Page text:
Flooding Forces Families to Flee

Shelter Population in Tar Heel State Doubles in a Day

Rising water levels in the wake of Hurricane Matthew continue to create dangerous conditions for many residents of North Carolina, prompting thousands to take refuge in more than 60 shelters throughout the state.  About 3,600 people spent the night in a shelter on Monday, double the number from Sunday night.

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Jeffrey Davenport

Jeffrey Davenport and his mother Michelle were among those to arrive Monday at the shelter in Whiteville, at Edgewood Elementary School. Their house flooded over the weekend, but they stayed in the loft, figuring the water would recede after a day or two.

It didn’t happen. The water just kept rising.

“We didn’t think the water was going to rise so high,” Jeffrey explained. “It came up to the fifth stair.”  He and his mom went to the shelter Monday after walking through chest-deep water to get to National Guard rescuers. They were among about 75 people in the shelter Monday night.

Jared Worthington is Principal of Edgewood Elementary, and was working right along with Red Cross staff to make sure everyone had dry clothes, a cot and a meal.

“We’ve had people come in here who have nothing-no power, no water, and they are still asking ‘what can we give?’”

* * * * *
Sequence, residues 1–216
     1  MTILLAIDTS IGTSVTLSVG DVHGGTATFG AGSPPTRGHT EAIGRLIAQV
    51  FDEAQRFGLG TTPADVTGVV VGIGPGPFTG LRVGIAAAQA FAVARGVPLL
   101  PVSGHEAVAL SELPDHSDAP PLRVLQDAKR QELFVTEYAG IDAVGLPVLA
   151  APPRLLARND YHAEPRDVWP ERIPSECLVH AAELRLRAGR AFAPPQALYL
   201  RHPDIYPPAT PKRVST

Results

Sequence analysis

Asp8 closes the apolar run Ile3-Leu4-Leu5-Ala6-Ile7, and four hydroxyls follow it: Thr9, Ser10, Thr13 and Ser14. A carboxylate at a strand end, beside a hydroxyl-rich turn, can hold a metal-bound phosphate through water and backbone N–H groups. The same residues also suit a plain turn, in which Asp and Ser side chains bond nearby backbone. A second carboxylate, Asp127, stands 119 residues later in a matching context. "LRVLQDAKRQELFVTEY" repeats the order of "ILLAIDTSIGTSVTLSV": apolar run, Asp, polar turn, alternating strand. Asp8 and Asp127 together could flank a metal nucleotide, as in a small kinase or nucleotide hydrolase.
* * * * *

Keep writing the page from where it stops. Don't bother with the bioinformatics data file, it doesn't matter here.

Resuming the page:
He says businesses have pitched in to provide food and clothing.  And teachers at the school have been responding to his texts, coming up with portable heaters for people like the Davenports, who arrived soaking wet.

Mr. Worthington said it’s truly a community effort; even firefighters and police officers are pitching in, with one officer cooking breakfast Monday morning.

“If you had been here, you’d have had the best eggs and grits you ever had!”

His upbeat attitude belies the serious nature of rising water.  The Red Cross helps people prepare for, respond to, and recover from flooding.  Visit the Flood Safety page on the Red Cross website for a comprehensive list of safety and preparedness information, and follow the below instructions if you are impacted by severe flooding:

  • Listen to area radio and television stations and a NOAA Weather Radio for possible flood warnings and reports of flooding in progress or other critical information from the National Weather Service (NWS)
  • When a flood or flash flood warning is issued for your area, head for higher ground and stay there.
  • Stay away from floodwaters. If you come upon a flowing stream where water is above your ankles, stop, turn around and go another way. Six inches of swiftly moving water can sweep you off of your feet.
  • If you come upon a flooded road while driving, turn around and go another way. If you are caught on a flooded road and waters are rising rapidly around you, get out of the car quickly and move to higher ground. Most cars can be swept away by less than two feet of moving water.
  • Keep children out of the water. They are curious and often lack judgment about running water or contaminated water.
  • Be especially cautious at night when it is harder to recognize flood danger.

You can also stay informed by downloading the free Red Cross Emergency App, which puts real time information and hurricane safety tips as your fingertips. The Emergency App is available in app stores by searching for the American Red Cross, texting GETEMERGENCY to 90999 or going to redcross.org/apps.

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